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2005-10-27 09:35:50

Freeport Sustained Considerable Damage From Hurricane Wilma

Mr. Rahming questioned why the general public did not take the advice, issued by police before the storm reached landfall, seriously.

Customarily, the brunt of damages the island of Grand Bahama incurs as the result of a hurricane is taken on by the eastern and western ends of the island. Nonetheless, impairments to the Freeport area as a result of Hurricane Wilma were catastrophic, Police Chief Superintendent Basil Rahming said Tuesday.

And, he added, had Hurricane Wilma lazily crawled across the island as Hurricane Jeanne did last year, damages to Freeport would have been more detrimental in comparison to damages Hurricanes Frances and Jeanne combined created last September.

"The damage in the city of Freeport does not seem to be as extensive as damages in the coastal settlements, but there are numbers of houses and business places in Freeport City that have lost their roofs, windows, doors, and sustained general damage," Chief Superintendent Rahming said. "There are a number of utility poles, electrical wires, trees, and billboards that are down throughout the city of Freeport."

Fortunately, he noted, there have been no reports of any loss of life in Freeport. However, he reported, one serious traffic accident occurred in the region during the hurricane period, in which a "large 16-seater bus that was being operated by the Grand Bahama Shipyard overturned on the Fishing Hole Road."

The driver, the lone occupant of the vehicle at the time of the accident, is presently being detained at the Rand Memorial Hospital in stable condition, with several broken bones.

A number of other traffic accidents that occurred throughout Freeport Monday were not serious and involved only minor damage, he said.

Also during the period of the storm, Chief Superintendent Rahming reported, there were a total of five shop-breaking incidents that were brought to the attention of the police.

"Five different business places, including Bahamas Wholesale Agencies and a number of other stores, they were broken into," he said. "One person was arrested. He was caught red-handed in the act of breaking into a store. He is presently in police custody being processed for court."

Several of the Royal Bahamas Police Force's operational facilities were damaged by Hurricane Wilma, Mr. Rahming said.

The Eight Mile Rock Police Station was totalled by a storm surge, forcing police to relocate to Martin Town Primary School during the height of the storm. Once there, a portion of the school's roof was blown off by strong winds. Officers were again compelled to relocate, this time moving to the temporary fire station in the settlement, which they are presently operating from.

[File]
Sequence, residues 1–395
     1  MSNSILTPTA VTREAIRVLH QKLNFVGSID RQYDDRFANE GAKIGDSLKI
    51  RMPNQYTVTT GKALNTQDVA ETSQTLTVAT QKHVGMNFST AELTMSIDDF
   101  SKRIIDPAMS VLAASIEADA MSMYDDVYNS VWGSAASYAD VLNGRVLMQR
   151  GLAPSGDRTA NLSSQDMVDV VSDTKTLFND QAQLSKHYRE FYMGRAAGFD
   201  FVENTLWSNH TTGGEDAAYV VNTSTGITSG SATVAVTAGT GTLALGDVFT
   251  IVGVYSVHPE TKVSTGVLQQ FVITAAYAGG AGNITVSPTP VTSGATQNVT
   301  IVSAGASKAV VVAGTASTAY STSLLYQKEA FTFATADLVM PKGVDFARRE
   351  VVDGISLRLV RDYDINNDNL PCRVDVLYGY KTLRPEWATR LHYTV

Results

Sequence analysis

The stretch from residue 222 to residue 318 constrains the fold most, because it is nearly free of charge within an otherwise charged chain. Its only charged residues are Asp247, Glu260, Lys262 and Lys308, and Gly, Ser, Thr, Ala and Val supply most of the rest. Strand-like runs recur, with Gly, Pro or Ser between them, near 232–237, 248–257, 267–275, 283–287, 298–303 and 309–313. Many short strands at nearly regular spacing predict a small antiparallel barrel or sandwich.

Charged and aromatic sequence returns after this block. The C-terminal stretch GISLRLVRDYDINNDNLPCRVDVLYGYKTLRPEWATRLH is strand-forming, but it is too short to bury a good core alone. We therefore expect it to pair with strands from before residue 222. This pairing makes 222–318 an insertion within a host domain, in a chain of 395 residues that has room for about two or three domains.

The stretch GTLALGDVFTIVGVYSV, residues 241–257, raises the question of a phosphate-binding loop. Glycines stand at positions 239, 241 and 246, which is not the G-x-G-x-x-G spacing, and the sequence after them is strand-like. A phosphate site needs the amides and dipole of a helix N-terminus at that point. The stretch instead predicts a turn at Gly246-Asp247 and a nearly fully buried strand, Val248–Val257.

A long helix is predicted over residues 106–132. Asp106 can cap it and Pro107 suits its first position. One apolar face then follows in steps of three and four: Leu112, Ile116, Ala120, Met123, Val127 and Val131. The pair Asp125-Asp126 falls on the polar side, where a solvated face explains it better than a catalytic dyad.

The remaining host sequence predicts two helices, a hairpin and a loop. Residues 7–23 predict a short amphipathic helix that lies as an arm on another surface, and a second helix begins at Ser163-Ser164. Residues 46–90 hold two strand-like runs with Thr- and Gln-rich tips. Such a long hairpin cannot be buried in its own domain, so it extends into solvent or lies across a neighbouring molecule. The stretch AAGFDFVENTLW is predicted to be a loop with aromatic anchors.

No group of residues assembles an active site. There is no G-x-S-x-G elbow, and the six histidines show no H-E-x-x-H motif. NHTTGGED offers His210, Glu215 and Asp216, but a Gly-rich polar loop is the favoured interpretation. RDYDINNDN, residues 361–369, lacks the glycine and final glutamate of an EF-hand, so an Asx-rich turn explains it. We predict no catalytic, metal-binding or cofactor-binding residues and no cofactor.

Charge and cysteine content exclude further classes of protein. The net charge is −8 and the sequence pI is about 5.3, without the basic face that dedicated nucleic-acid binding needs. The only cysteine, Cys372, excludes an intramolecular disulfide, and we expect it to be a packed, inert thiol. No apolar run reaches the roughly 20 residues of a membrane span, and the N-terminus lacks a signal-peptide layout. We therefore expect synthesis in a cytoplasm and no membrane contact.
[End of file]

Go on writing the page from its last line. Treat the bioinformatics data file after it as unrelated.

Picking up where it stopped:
The police garage on Peel Street sustained damages to its roof; five police vehicles were damaged; and a number of officers suffered damage to their homes and possessions at the hands of Hurricane Wilma, Mr. Rahming said.

Looking back at the calamity created by the hurricane, Mr. Rahming questioned why the general public did not take the advice, issued by police before the storm reached landfall, seriously.

"We were issuing repeated calls to members of the public, and specifically to those who were living in settlements on the southern coastline of the island, we were emphasizing to them the need for them to evacuate to the hurricane shelters provided for them," he said.

Before the effects of Hurricane Wilma had began being felt, initial police checks found that most hurricane shelters on the island were empty. The only persons present at the shelters were its workers, Mr. Rahming said.

As conditions worsened, he said that police stations began being flooded with calls from residents in need of rescue.

"This is not a good practice," he firmly stated. "What we would like to say to the public, specifically the residents in these coastal communities, in future, should another similar situation occur, please listen to the advice being given by the police. Please take the advice seriously, and also act on the advice. In this way, a lot of suffering and loss could be avoided."

For officers who risked their lives to get residents to shelters, the public may view them as heroes, but Chief Superintendent Rahming says that they were just doing their job.

By JEREMY FRANCIS, Freeport News Reporter

 
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